Choosing sides in a conflict will determine how the group splits. With a group of 5-6 you may find that–as a GM–you want them to split into two groups of 3 mice knowing that the Wilderness or Weather will be the other opposition in the conflict.
The conflict Goal will also be a huge determining factor of teams and team size.
So, let’s imagine Weather takes a side in the conflict as a thick blizzard rolls in from the north coast while the patrol is given an urgent duty to reach Barkstone (a lengthy trek). The blizzard is a symptom of the season; we’ll imagine the conflict Goal of the Weather is, “I will drain traveling mice of resources, motivation, and drive; any mice traveling while I am in control will risk death to accomplish their objective.”
Now, if each and every mouse agrees on a conflict goal (for example, “We will not be delayed under any risk to reach Barkstone and deliver our duty.”) then you haven’t got separate teams. Everyone will simply join the same team.
On the other hand, if some mice have an idea for the trek which is different than others, then you’ll get more sides to it. Let’s imagine a group of three mice agree, “We will risk any hardship to reach the destination promptly; our delivery is of utmost importance to health and safety.” In contrast, a group of the other three mice declare, “We must not risk death, for the message we carry is urgent; if our own safety is at stake, we must delay in order to ensure we arrive at Barkstone.” Now, that’s a good reason to split the teams.
Ok, our imaginary scenario is:
Weather: Team Killer Blizzard - “drain resources, motivation, drive; mice risk death” which might translate later to Hungry, Tired, Angry, Sick, Dead.
Mice 1: Team Risk Anything - “any hardship in favor of time; delivery must be timely” which might translate to any number of Conditions as long as the delivery is quick
Mice 2: Team Safe Delivery - “cannot risk safety for urgency; delivery must be successful” which might translate to a delaying Twist as long as the delivery is possible
Next, the teams must apply another condition: it is all-on-all (rather than two-on-one). The two teams have divergent goals with one willing to risk hardship in favor of urgency while the other will not risk safety in favor of urgency.
This means some of their Attacks, Defends, Feints, and Maneuvers will be directed at each other in hopes of ensuring their own Dispo survives to win.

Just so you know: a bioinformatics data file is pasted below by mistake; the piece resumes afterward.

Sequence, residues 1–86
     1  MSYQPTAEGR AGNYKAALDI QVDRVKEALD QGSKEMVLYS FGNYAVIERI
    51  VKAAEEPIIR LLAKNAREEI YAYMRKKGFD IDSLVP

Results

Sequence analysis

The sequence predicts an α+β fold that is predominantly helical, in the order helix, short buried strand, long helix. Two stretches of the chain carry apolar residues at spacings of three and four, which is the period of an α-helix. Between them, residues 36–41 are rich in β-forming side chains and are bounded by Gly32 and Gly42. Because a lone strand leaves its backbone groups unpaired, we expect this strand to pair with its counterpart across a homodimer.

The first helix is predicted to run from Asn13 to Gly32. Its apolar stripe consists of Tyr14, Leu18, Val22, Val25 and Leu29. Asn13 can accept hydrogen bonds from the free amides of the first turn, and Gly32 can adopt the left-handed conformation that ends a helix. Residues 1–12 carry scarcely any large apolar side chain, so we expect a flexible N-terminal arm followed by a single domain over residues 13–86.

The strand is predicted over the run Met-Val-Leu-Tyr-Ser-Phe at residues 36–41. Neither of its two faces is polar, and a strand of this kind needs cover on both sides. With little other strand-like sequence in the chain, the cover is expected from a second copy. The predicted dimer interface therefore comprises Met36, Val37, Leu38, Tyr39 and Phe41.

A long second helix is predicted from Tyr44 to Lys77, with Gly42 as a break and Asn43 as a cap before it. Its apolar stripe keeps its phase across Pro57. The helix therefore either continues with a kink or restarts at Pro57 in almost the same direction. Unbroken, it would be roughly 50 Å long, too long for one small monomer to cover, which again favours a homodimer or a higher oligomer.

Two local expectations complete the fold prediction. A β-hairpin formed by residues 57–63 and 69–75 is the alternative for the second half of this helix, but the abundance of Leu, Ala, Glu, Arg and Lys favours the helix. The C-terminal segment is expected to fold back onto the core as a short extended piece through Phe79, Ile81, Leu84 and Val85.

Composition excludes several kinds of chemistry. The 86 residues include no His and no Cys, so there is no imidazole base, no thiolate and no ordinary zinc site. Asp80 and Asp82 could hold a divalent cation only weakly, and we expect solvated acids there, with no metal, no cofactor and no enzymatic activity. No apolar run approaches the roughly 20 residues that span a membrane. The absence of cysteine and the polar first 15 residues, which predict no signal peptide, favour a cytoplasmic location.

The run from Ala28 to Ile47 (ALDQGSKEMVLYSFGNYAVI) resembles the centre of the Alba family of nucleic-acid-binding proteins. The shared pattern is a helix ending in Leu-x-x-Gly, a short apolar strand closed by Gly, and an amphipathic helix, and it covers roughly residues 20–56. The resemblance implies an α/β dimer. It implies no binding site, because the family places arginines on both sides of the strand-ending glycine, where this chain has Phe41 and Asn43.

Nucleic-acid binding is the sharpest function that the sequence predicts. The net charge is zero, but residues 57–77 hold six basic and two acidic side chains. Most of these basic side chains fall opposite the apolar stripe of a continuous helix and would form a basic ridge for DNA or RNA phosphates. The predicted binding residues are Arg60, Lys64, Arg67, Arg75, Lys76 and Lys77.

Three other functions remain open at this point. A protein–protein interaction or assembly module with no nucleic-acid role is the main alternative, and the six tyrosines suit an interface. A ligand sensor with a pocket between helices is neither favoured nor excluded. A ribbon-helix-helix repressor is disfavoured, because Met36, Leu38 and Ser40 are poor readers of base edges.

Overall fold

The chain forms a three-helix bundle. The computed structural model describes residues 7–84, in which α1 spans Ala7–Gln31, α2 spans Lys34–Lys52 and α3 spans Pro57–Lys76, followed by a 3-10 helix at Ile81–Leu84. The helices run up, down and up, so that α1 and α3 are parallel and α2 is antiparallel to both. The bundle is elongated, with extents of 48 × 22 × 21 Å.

Even if both mice teams work together initially to drop Weather’s Dispo to 0, the conflict is not over! Only one team may remain with Dispo above 0. This means that they must drop Dispo of one another, and it means Weather continues to take actions while the conflict continues! It is a very precarious position to be in.
Once there is a single winner, the compromise can be negotiated. If Weather wins, but owes any sort of compromise, then the players can begin to debate who takes the brunt of the resulting Conditions/Twist. Probably the mouse who rolls for Dispo of a team faces the most debilitating Condition(s).
In the negotiation, I might recall which team hit 0 first and offer them less in the compromise than the other team (i.e. they get the worse deal).
If a mouse team survives with both Weather and other mouse team hitting 0, then probably no mouse risks death, but certainly the result cannot be both urgent delivery and safe delivery–one or the other will be the result. Additionally, Weather will want to make claim in the compromise also.
Three team conflicts are intense. Actions still have to be secretive. Goals must be divergent. Teams must Attack and Defend against a designated target, but must face both teams.
Lastly, if Weather hits 0 Dispo, then a mouse team chooses to Surrender to the other team–they lose everything about their goal. Even Weather would get a better compromise result than the Surrendering team.